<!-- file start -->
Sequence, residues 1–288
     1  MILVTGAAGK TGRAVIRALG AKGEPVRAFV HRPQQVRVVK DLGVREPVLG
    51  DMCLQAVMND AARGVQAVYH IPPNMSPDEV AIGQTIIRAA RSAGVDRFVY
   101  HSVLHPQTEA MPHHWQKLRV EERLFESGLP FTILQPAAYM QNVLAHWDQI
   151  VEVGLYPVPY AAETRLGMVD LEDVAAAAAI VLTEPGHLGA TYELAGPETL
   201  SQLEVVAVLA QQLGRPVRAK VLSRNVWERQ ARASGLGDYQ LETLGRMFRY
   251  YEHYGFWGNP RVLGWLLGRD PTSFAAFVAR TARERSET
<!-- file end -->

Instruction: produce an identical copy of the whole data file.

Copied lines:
Sequence, residues 1–288
     1  MILVTGAAGK TGRAVIRALG AKGEPVRAFV HRPQQVRVVK DLGVREPVLG
    51  DMCLQAVMND AARGVQAVYH IPPNMSPDEV AIGQTIIRAA RSAGVDRFVY
   101  HSVLHPQTEA MPHHWQKLRV EERLFESGLP FTILQPAAYM QNVLAHWDQI
   151  VEVGLYPVPY AAETRLGMVD LEDVAAAAAI VLTEPGHLGA TYELAGPETL
   201  SQLEVVAVLA QQLGRPVRAK VLSRNVWERQ ARASGLGDYQ LETLGRMFRY
   251  YEHYGFWGNP RVLGWLLGRD PTSFAAFVAR TARERSET